• Seven Blind Mice (Reading Railroad) by Ed Young:  A 1993 Caldecott Honor Award winner, this book includes early elarning concepts of days of the week and colors as seven brightly colored blind mice explore what a new thing they find is, each experiencing only one part of it and thinking it is something different, only to discover in the end that it is an elephant.  Appealing bold artwork and a good moral.  The book ties into the older tale of seven blind men and an elephant.
    • Little Big Ears: The Story of Ely by Cynthia Moss:  A well-photographed and touching documentary that tells the tale of the first year of life of a baby elephant, born with leg trouble. 
    • The Saggy Baggy Elephant (Little Golden Book) by K and B Jackson:  A classic Golden Book which my children realized right away is imaginary since a baby elephant is on its own and not with it family, but also enjoyed reading.  Charming illustrations and fun story.


    Impromptu Activities and Imaginative Play

    I had planned to begin Elephant Theme lessons with the kids on Monday, but since I had some laundry and other task catch-up to do in the morning, I thought I would start things off gently with imaginative play.  So, I put out Lincoln Logs and elephant figurines first thing in the morning. As expected, Luke and Nina (and even Jack to their dismay) went right for these and merrily engaged themselves in building homes for the elephants and requesting figurines to use as zookeepers.  In fact, they were so immersed in their play that I actually had to gently interrupt when I thought they were at a good break-point in order to ask them if they wanted breakfast yet.  Now, that was something –  my kids always wake ready to eat right away!


    After that, it was onto Morning Lotto.  As we were headed to “step outside” in order to finish our Lotto checks, the kids found that a kind friend of ours had dropped off a sand and water table that her children no longer use.  What use it's been getting here!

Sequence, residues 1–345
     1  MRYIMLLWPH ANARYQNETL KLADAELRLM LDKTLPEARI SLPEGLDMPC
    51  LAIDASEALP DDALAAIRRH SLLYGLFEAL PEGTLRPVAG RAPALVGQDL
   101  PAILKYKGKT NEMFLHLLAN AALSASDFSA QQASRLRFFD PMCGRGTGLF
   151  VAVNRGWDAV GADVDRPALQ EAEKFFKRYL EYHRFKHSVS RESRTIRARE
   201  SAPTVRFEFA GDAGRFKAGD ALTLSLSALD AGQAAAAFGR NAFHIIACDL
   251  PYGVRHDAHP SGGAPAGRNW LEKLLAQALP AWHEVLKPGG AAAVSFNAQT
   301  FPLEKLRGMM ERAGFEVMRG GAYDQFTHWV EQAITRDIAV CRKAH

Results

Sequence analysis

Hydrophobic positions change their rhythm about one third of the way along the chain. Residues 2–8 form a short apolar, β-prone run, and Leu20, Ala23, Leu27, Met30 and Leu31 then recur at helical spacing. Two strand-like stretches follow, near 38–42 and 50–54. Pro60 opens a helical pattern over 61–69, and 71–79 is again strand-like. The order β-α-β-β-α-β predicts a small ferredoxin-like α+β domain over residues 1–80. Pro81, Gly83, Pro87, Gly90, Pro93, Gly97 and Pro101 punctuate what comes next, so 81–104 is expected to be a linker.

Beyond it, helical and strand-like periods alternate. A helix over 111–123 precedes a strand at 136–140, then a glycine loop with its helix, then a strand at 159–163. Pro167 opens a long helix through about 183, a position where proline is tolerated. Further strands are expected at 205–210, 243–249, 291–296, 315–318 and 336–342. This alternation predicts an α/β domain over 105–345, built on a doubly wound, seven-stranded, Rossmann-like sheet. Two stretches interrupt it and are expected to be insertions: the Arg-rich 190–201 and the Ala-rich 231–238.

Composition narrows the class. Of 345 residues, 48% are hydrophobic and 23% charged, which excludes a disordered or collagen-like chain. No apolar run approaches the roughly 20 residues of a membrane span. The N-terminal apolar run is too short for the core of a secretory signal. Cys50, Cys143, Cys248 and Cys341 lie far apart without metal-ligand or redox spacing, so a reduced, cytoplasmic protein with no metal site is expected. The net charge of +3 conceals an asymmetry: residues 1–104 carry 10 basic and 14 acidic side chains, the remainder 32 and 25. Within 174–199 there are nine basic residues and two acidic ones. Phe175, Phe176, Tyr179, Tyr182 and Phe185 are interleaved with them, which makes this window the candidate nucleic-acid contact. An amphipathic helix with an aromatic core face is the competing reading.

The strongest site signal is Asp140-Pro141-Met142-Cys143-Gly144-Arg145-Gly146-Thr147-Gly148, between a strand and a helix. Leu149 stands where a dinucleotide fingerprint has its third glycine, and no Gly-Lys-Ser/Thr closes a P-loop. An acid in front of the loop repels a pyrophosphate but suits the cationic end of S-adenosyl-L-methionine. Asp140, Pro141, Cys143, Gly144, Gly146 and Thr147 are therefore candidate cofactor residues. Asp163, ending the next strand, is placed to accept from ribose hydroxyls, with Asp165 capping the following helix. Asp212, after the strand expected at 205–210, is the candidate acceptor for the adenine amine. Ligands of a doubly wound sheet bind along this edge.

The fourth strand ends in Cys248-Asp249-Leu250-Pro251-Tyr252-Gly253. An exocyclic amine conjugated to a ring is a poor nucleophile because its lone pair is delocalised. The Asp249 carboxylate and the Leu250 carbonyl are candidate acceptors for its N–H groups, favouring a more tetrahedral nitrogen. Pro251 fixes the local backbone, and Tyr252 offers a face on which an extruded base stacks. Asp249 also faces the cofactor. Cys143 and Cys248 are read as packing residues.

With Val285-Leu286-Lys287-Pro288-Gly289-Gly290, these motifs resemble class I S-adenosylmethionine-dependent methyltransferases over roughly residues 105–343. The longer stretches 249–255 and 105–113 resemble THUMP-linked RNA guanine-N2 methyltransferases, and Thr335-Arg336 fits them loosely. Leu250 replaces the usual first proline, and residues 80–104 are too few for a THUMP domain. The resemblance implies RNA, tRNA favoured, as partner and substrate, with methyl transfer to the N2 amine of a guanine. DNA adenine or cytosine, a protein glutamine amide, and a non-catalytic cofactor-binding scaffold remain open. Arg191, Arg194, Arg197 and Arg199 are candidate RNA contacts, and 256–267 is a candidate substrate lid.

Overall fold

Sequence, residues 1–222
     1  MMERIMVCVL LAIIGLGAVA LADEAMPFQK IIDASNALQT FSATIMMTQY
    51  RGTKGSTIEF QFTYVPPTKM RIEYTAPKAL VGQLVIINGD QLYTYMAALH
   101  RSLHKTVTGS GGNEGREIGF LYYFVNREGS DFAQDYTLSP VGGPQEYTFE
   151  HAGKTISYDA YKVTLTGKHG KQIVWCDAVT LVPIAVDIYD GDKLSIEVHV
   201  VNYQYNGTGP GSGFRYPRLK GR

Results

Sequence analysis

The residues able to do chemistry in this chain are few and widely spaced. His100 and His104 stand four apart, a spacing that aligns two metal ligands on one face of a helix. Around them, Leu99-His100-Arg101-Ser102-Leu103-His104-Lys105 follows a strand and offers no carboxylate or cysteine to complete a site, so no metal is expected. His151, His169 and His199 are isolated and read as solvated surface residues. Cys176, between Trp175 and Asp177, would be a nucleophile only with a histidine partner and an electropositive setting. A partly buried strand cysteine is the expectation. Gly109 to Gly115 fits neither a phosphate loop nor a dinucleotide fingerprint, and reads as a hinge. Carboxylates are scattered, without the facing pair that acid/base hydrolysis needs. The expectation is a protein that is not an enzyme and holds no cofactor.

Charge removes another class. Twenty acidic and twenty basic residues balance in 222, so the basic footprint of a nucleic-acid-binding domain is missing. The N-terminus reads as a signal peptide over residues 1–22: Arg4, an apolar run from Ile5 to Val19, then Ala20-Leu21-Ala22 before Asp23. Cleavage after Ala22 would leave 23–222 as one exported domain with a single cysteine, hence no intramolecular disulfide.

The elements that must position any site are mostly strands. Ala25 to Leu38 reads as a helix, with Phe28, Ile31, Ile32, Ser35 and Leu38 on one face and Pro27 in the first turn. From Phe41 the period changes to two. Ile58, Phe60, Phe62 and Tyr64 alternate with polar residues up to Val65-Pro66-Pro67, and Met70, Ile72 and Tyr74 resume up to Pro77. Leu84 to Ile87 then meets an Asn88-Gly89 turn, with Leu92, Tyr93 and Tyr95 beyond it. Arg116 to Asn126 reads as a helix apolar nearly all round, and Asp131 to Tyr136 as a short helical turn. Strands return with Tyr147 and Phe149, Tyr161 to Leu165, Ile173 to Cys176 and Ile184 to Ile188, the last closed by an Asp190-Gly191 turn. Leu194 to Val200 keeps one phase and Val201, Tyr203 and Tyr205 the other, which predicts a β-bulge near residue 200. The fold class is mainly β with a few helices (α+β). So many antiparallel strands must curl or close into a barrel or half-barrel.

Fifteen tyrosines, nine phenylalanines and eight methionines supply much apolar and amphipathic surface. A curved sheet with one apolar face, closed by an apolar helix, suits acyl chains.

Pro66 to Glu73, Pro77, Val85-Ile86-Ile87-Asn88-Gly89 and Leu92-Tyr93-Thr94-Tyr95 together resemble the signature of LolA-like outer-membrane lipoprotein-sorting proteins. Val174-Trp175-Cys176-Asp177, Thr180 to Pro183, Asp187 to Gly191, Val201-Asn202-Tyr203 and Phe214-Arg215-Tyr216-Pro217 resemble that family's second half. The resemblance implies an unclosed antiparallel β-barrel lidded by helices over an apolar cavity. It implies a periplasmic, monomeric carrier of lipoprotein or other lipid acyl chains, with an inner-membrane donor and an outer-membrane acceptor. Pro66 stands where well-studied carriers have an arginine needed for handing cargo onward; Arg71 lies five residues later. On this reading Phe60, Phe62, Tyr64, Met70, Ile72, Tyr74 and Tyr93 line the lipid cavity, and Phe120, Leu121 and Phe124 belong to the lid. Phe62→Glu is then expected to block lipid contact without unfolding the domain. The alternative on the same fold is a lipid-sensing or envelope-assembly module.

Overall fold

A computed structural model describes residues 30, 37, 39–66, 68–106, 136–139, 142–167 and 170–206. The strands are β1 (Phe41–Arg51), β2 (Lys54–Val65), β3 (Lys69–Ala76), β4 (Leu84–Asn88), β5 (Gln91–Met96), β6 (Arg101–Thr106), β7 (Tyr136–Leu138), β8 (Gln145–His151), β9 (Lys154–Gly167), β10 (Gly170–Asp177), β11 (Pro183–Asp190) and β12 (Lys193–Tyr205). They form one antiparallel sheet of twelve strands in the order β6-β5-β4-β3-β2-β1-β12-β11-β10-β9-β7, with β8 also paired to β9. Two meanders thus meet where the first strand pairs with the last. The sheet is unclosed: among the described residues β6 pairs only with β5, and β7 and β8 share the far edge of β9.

Luke and Nina immediately filled the water side of the table.  Then, while Jack stepped in to explore that, Luke and Nina decided we should make a habitat in order to bring our elephant figurines outside to play. 




    In order to collect appropriate items for the elephant habitat, we went on a brief nature walk in search of soil, sand, leaves, grasses and “trees”.



    Then, play commenced.

    At first, Luke and Nina simply used the figurines in the habitat, coming up with all manner of storylines.  “Sister Elephant, come quickly.  A hurricane is coming,” I heard Luke say at one point.



    Later, the kids asked for their outdoor sand toy vehicles so they could use them as zookeeper and safari trucks.  And, so the play continued both at our newly created outdoor elephant habitat and indoors in kid-constructed elephant houses.



    Since then, with more knowledge and inspiration from books and classroom activities, the kids’ play is becoming even more developed.  I love to see how they embrace a topic or theme and, then, synthesize their learning through play.  It’s so much fun!

    Happy Elephant Appreciation Day!  

    Please be sure to leave descriptions or links of your favorite elephant activities, songs, chants, crafts and printables.  I think celebrating this week will be an annual thing in our home for years to come, so I welcome all ideas to enhance our future studies.




    This post is being shared at Preschool Corner hosted by Homeschool Creations and Montessori Monday hosted by One Hook Wonder and Living Montessori Now.

    Disclaimer:  If you click on any Amazon links at this blog and make any purchase, I may receive a small percentage that can help defray the cost of training my children up.  THANK YOU for considering supporting us in this way.  every little bit helps!


    3 comments:

    Discovering Montessori said...

    Love the Elephant Balancing Tray! Thank you for sharing.

    Deb Chitwood said...

    I love that you made Elephant Appreciation Day so memorable! Celebrating special days like that really makes homeschooling extra fun. And you had so many awesome activities! So glad you linked your elephant posts with Montessori Monday! I featured your post at the Living Montessori Now Facebook page: http://www.facebook.com/LivingMontessoriNow

    Nellie said...

    Hi! I found your blog through Montessori Monday. Thanks for such a great, detailed, Elephant post! I was hesitant to use Elephants for next week (just my lack of ideas) but now I'm inspired to go ahead with it!